Kenai watching the neighborhood, 51 wks
This is one of my best Kenai pics in a long time! Not that he doesn’t provide ample opportunity for good shots; the camera seems to hide or act weird when the opportunities present themselves lately. But here he is, my shining knight and nighttime sheet stealer!
He’s not been himself this week, being on the whiney and insecure side. Our outing last week was not his best (sigh). Out of practice, and skittish of loud noises in public again, thanks to actually a couple of months “off”. I’ve got some work to do, getting him back into working shape. We’ll just have to go places more often in his vest, sort of back to square one, until he’s used to the hustle and bustle.
Kenai’s skittish reaction to the post office reminded me of his Scooby Doo at obedience class days. Oh dear. And watching the Dog Whisperer last night reminded me of how sloppy I’VE gotten about the head up, chest out, confidence approach to walking. Darn fatigue. I can walk farther slouched!
I got a couple pairs of earth shoes for Christmas, the shoes with the “negative heel” that improve your posture. Putting them on, I can really tell a difference in how I walk, thanks to soreness in unusual places. They relieve the sore knees and back, stretch the calves, and take the bite out of plantar fasciaitis. They also make my flabby abs, unused inner thighs, and the backs of my lazy hips feel the change!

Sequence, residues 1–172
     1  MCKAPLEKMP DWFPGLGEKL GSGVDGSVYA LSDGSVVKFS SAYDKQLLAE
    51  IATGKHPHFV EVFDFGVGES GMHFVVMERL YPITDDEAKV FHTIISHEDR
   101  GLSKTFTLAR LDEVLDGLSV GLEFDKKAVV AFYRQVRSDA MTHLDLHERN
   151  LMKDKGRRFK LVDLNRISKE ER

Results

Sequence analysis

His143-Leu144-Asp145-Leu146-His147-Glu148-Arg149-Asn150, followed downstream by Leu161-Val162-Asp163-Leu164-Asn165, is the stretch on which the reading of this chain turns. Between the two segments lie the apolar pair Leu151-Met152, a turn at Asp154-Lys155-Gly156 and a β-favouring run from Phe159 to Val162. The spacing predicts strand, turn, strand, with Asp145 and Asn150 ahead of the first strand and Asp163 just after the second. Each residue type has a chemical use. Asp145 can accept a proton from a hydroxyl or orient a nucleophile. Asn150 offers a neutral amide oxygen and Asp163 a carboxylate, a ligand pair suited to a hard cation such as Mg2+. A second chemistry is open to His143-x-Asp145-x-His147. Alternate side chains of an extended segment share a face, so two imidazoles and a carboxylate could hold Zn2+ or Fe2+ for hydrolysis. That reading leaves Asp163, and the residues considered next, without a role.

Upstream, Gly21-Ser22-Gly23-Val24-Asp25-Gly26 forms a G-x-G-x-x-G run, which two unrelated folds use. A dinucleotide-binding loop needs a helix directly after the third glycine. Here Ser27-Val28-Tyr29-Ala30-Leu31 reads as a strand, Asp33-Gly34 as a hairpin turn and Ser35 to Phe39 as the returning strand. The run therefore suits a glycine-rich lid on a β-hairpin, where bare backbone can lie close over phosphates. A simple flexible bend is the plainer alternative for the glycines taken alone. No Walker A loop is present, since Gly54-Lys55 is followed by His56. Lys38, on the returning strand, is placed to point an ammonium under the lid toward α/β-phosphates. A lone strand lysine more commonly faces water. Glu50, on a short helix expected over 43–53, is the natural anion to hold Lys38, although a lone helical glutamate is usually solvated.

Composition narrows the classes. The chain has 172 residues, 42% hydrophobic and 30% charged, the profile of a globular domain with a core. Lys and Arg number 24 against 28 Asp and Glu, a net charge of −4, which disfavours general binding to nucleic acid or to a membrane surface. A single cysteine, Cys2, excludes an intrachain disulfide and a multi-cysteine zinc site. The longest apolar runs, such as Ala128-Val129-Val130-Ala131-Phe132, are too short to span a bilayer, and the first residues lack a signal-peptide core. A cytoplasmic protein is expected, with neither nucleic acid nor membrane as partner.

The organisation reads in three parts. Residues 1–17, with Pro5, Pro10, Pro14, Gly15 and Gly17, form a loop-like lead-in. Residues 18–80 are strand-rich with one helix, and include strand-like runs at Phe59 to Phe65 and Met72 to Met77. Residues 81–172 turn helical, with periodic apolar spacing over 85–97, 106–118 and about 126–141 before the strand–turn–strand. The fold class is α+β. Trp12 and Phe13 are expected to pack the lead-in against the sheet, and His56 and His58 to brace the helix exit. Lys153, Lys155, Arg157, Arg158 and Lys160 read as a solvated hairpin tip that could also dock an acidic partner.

Putting the shoes on and walking isn’t hard, it’s putting the shoes in the car and walking around grocery stores that’s hard. Motivation during the mid-winter, post Christmas slump is a problem. Lazy dog-mom. Hibernating sounds better, snuggled under a down blanket, soft lounging pants…hat head, 40 layers of clothes, and high winds isn’t as appealing.
We’ve had 10 straight days of 30 mph or better “breezes” now, and it’s playing heck with my balance. That’s my excuse, one of them anyway. I know, not cutting it. Kenai’s still a youngin, still growing into his job description, so lazy dog-mom only makes things harder for him. He needs the practice and exposure, and he needs me to suck it up and stand up straight.
So on with the earth shoes, and out to places we went today. We put on his tracking harness in a parking lot and I used its handle to control his movements–he took to it right away! He’s responsive to the tightening and loosening of the harness, almost instinctively. Knock on wood, I think he’ll have no problem with the SD harness.